Why Train Travel Is the Best Way to Go

An Amtrak Empire builder travels on the rails in Maple Springs, Minnesota. Jerry Huddleston/Flickr

There are a few commonly acknowledged advantages to train travel: It is much less stressful than plane travel (no TSA!) and it gives you time and space to read, sleep, watch movies or get work done — big advantages over cars.

It keeps you off the roads, meaning you're less likely to be subject to rush-hour traffic jams or construction. And depending on the route, it can be cheaper (especially once you add in the cost of the plane with getting to and from the plane, plus parking).

On a recent trip, I opted to take the train for 19 hours rather than a two-hour flight, a layover and one-hour flight, because all told, even though flying was "faster," I would end up traveling for about nine hours (taking travel to the airport into consideration, plus all the transfers and the layover time.) I knew from experience that between the lines and boarding and bag wrestling and train-to-subway-to-light-rail-to-plane I would be totally stressed out. Taking the train meant a 10-minute commute to the station and then I was off to my destination. It would take longer, but the time en route would be enjoyable, as opposed to almost 10 hours of what I consider to be nerve-wracking travel via plane (or more if I missed a connection somewhere).

But more than avoiding the pain and stress of plane travel (not to mention the crazy-packed jets and the fact that my just-a-bit-taller-than-average self is never at all comfortable in plane seats), train travel allows me to move around more like people historically have — while seeing what was in between point A and point B.

In an age when almost everyone seems to complain about disconnection (and flying), one simple way to avoid both is taking the train. Staring out the window at the landscape flying by is both incredibly relaxing and also lets you see what's between the cities. Those landscapes that we never get a chance to see inform us about seasonal change, different ecosystems, small differences between towns in the same state, and what people are doing in small, often overlooked towns.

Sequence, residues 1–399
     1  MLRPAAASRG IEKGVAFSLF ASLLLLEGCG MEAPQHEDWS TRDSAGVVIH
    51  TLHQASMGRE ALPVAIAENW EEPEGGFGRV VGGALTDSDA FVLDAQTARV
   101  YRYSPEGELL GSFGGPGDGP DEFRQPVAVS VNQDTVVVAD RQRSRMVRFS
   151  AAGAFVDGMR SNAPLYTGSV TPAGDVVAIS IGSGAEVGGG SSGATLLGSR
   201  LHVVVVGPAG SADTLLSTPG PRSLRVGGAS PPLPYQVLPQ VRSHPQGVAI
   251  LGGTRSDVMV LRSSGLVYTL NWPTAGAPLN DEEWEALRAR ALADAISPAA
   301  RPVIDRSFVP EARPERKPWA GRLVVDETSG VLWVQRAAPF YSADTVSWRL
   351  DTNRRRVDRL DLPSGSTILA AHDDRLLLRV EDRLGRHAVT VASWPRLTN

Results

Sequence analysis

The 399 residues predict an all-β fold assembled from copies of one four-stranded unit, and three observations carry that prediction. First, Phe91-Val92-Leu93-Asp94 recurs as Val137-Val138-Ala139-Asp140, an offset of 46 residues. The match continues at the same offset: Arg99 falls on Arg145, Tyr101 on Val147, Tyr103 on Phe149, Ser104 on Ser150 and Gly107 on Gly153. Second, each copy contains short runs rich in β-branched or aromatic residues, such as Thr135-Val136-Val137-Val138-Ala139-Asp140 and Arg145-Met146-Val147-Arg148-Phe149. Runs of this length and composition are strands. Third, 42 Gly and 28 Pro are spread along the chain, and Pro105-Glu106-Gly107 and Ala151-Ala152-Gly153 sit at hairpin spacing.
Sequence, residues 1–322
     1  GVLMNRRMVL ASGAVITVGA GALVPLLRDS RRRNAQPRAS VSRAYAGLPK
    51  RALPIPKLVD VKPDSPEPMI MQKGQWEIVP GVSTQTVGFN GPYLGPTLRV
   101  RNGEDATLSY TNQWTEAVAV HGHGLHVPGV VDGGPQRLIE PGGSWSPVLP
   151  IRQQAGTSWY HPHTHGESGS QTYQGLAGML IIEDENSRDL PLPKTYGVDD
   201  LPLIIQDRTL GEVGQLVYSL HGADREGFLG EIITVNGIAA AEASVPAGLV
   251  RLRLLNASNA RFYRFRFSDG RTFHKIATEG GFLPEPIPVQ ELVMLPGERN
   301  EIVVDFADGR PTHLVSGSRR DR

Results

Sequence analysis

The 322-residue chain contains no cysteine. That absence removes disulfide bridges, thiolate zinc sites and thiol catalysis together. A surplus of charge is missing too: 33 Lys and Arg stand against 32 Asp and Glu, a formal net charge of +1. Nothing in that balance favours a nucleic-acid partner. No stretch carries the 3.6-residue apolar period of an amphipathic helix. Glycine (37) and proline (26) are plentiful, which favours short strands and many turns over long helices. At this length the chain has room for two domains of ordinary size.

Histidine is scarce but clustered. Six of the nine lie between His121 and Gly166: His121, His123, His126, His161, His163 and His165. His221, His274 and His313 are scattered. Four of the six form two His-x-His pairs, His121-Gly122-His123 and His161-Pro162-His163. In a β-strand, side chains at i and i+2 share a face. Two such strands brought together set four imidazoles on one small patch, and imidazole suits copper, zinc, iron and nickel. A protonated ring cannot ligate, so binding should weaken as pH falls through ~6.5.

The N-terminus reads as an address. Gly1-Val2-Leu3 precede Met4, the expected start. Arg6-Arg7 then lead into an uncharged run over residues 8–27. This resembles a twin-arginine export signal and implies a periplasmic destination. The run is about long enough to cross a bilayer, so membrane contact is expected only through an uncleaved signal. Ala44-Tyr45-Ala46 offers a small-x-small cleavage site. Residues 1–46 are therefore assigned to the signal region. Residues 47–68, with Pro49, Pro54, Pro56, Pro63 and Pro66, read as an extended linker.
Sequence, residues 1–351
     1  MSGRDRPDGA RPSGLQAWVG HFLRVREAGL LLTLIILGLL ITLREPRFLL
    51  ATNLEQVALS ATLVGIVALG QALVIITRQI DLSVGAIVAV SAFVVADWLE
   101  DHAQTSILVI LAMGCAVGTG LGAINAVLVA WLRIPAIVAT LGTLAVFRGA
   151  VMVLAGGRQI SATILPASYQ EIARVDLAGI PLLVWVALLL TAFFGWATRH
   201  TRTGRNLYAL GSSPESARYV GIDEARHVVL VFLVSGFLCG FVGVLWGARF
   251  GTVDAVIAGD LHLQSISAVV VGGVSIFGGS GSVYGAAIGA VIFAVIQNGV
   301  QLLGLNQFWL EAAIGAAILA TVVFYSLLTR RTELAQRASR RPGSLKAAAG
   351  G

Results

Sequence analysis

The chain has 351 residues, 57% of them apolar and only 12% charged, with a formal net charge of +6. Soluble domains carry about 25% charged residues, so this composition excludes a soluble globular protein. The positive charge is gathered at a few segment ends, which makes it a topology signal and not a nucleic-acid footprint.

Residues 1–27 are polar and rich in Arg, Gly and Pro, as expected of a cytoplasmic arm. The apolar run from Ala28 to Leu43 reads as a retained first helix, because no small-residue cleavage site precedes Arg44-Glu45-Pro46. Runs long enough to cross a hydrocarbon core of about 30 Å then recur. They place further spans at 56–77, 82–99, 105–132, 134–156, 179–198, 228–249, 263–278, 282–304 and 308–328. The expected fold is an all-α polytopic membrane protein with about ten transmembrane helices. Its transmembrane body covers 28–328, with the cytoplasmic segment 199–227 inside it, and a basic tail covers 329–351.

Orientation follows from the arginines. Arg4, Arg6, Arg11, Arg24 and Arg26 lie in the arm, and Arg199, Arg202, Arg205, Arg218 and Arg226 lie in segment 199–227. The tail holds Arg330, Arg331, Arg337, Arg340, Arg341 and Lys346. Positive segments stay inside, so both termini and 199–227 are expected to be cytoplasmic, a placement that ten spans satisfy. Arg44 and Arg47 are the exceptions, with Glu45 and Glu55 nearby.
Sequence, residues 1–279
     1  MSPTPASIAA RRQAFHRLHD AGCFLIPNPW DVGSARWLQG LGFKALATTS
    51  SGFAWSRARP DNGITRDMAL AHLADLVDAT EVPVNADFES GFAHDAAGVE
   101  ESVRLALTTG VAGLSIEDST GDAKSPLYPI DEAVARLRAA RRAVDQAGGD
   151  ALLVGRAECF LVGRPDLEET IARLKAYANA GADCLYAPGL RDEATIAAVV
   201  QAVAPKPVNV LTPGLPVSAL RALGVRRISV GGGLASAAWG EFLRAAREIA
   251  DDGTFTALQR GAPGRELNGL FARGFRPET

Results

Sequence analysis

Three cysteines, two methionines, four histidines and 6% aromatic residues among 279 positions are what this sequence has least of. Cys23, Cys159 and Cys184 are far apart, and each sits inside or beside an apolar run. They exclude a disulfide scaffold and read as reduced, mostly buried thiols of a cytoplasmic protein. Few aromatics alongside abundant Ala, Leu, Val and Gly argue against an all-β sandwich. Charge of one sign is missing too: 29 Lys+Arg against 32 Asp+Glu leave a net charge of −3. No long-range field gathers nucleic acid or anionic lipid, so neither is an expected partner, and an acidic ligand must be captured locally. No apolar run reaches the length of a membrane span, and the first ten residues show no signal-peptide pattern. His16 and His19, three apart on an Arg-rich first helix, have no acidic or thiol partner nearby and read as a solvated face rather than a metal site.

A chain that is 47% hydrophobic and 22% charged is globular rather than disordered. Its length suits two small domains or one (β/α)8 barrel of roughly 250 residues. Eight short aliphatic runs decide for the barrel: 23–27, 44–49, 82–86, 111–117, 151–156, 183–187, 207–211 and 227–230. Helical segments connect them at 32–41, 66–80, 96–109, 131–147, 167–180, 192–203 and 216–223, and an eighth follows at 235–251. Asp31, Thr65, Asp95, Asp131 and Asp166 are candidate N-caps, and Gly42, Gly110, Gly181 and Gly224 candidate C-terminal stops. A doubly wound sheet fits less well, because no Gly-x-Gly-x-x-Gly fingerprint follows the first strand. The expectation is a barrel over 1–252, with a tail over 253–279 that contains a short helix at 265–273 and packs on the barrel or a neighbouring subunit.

Oftentimes you get a chance to see slices of life; on a recent trip I saw dogs playing in a backyard, children waving at the train from the shores of a riverside park, a wedding party leaving a church and a man working on a '40s-era vintage truck. These are vistas you'll never be privy to from a car on the highway, and definitely not from the height of a plane. Because trains take routes that go through the middle of towns, instead of around them, the train rider experiences what it's like to drop in on towns with one stoplight, or see how far suburbs sprawl outside of a destination city.

I got plenty of work done; Amtrak has enough outlets for everyone, and I got to catch up on my non-Internet-connected work, which in this day and age, is a boon for all of us distracted by email. And on some Amtrak routes, there's already Wi-Fi (or it's coming in the near future), so soon, the train can be a mobile office, with probably the most fabulous view ever — one that never stays the same.

All photos: Starre Vartan